Staff Perspective: Women in Combat

Staff Perspective: Women in Combat

January 2016 is an important date for the US military.  This is the milestone former Secretary of Defense Leon Panetta set by which the services must open all combat jobs to women or explain why it’s necessary that such positions stay closed if they do not (AP Press, April 2014).

As you will recall, in January 2013, former Secretary of Defense Panetta ended the policy that excluded women from ground combat.  A major reason given for this policy shift was to lift as many barriers as possible that might prevent individuals from seeking the type of military career they want in the US forces (Newsmax, January 24, 2014).

According to Army survey results, 22 percent of enlisted women are interested in combat positions (CBS Evening News, Scott Pelley, April 8, 2014).

In another Army study, 60 women and 100 men were tested to see how fit a soldier needs to be to participate in combat with a focus on the physical requirements.  The test included battlefield simulations like wearing combat gear weighing 70 pounds while pulling a 105 pound wounded soldier through a tank hatch to escape danger. These findings will help define new combat job fitness standards. Interestingly, this is a step the military has never taken before, not even for male soldiers. (CBS Evening News, Scott Pelley, April 8, 2014).

The Army has already begun integrating women into combat positions; for example, female officers now lead cannon platoons and are becoming crewmembers who fire rounds from cannons (Associated Press, April 15, 2014).

Many people seem to agree that being qualified for a combat job depends on whether the person can do the job, not whether that person is a woman or man.  But there are realistic concerns like: whether women can keep up with men physically; women not wanting men to think they qualified for a position because standards were lowered; more women finding themselves in positions/units where they are the solo female and men worrying that women may feel uncomfortable with the  language they use (Associated Press, April 15, 2014).

With so much uncertainty, how will Service members and leadership – both male and female – respond? How will this change in policy impact women and their mental health?  For some female Service members, the opportunity to serve in combat positions previously closed may not only open up career paths they’ve dreamed of, but also allow them to mentally and physically prove to themselves that they can achieve whatever they want.  This type of experiential learning may have a positive impact on their well being.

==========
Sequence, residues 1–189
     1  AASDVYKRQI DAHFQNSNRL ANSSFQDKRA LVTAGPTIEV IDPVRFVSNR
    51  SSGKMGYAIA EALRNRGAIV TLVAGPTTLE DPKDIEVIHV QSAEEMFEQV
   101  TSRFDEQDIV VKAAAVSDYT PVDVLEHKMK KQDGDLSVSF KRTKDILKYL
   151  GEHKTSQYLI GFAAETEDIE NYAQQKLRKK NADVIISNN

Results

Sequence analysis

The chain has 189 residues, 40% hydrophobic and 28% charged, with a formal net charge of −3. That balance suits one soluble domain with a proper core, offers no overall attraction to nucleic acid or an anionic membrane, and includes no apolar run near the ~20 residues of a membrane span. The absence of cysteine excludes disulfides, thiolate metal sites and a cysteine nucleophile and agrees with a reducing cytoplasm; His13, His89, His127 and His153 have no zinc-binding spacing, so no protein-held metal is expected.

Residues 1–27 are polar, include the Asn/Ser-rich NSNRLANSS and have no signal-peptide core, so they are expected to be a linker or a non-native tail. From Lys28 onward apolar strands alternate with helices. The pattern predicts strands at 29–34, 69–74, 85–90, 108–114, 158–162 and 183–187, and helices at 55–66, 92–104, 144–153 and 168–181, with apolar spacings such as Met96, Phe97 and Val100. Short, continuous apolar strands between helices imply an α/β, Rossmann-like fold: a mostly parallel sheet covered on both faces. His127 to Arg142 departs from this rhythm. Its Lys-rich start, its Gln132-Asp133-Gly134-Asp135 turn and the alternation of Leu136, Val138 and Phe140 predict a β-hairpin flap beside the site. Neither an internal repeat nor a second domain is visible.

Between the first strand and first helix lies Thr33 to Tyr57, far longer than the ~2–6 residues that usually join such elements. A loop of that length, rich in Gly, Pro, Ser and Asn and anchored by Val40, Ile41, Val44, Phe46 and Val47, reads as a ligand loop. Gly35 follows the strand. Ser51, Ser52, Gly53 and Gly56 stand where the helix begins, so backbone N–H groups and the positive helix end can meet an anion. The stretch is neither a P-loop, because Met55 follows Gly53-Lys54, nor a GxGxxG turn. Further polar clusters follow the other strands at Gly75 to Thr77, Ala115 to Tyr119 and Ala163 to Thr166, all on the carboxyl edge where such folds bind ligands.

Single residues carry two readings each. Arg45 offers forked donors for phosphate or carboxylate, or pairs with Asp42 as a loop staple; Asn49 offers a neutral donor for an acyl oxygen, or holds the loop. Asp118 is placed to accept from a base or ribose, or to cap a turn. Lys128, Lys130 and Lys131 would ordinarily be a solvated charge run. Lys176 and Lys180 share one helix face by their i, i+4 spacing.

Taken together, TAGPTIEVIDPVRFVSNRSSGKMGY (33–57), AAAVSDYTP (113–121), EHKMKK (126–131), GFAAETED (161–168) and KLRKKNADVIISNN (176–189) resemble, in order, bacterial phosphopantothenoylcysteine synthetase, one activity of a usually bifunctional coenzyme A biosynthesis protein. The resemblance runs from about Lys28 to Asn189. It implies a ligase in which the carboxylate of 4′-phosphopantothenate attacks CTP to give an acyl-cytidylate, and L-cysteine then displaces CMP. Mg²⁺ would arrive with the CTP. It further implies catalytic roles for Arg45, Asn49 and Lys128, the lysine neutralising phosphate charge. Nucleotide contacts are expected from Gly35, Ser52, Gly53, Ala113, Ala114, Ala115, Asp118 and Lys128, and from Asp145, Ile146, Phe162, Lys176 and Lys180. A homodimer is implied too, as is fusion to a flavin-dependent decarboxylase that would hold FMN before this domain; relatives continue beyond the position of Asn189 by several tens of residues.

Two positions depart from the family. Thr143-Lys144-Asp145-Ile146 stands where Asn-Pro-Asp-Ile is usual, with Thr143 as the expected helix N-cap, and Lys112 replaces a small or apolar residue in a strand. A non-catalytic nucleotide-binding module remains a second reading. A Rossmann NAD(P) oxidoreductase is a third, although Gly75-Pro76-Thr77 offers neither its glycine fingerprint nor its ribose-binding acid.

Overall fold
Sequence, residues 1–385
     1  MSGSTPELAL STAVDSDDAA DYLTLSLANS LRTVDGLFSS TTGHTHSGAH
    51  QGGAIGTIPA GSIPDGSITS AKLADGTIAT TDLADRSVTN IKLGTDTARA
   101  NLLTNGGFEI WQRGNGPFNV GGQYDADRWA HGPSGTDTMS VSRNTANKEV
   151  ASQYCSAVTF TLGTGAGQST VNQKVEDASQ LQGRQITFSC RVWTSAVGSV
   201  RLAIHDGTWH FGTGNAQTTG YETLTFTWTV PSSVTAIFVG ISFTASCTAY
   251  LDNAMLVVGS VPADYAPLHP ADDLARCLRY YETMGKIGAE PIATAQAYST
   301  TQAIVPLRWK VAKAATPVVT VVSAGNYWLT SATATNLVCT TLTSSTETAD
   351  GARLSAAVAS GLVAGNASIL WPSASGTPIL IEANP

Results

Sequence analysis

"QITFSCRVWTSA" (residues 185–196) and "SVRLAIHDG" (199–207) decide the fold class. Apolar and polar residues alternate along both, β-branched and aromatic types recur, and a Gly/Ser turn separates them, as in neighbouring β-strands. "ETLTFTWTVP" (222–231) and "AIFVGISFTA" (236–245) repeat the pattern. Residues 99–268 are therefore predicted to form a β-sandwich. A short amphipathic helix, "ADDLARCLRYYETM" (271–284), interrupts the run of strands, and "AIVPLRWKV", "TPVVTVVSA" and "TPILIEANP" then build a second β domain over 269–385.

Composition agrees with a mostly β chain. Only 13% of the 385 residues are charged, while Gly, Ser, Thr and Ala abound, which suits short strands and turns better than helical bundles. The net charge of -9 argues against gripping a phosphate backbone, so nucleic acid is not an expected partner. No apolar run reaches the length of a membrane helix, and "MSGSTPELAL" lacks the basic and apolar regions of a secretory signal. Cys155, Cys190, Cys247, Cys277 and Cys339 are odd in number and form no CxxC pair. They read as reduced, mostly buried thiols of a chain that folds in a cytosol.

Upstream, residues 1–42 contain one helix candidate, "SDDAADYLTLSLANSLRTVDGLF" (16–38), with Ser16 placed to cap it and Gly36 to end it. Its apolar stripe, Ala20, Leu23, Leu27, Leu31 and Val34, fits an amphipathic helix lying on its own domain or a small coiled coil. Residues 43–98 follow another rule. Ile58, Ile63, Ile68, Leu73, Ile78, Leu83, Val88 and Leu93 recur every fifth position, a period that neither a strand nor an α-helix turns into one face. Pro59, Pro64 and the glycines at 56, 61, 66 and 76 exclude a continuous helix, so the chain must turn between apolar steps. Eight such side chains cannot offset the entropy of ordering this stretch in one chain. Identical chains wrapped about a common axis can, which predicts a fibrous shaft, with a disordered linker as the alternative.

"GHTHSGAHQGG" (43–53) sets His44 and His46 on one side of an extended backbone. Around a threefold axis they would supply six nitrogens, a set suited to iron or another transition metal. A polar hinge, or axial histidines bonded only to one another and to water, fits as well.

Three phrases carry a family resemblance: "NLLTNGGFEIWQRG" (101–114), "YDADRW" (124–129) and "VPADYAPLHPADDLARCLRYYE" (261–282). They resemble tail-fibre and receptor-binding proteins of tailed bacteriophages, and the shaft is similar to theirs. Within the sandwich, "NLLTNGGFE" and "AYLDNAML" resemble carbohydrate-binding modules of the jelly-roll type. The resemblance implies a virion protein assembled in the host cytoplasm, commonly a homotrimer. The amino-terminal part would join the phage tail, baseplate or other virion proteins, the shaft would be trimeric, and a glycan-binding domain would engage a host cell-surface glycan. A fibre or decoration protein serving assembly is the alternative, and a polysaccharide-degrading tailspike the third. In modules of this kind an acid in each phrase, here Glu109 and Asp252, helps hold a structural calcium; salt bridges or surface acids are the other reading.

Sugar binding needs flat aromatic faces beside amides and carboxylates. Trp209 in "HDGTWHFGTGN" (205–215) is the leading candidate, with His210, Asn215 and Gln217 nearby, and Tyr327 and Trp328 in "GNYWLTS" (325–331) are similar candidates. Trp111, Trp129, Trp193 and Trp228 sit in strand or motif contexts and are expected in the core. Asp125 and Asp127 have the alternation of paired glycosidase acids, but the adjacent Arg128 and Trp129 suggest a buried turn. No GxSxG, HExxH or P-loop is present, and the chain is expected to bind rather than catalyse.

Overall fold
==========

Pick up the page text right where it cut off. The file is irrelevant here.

At the same time, we all know that this long-awaited change that allows women to qualify for ground combat comes at a challenging time given increased reports of sexual harassment and assault in the military and debate about how to prosecute these cases (Associated Press, April 15, 2014).  

If you are a provider working with military personnel, it’s important to keep in mind this changing landscape.  How might the opening of combat positions to women impact female patients – emotionally, cognitively and behaviorally?  So it’s key for us to ask female Service members about their jobs and experiences, including questions like:

  • what they actually do in their position
  • what type of training they have gone through
  • who do they work with (e.g., the number of men/women; their backgrounds)
  • what type of atmosphere they find in their unit/with their comrades
  • what type of combat they may have been exposed to

This is not to say that it isn’t important to consider how male patients may be affected by this policy change.  It’s essential that we don’t hold stereotypes and be open-minded to their reactions as well.

Please share your thoughts about women in combat.

Dr. Paula Domenici is the Director of Civilian Training Programs for the CDP.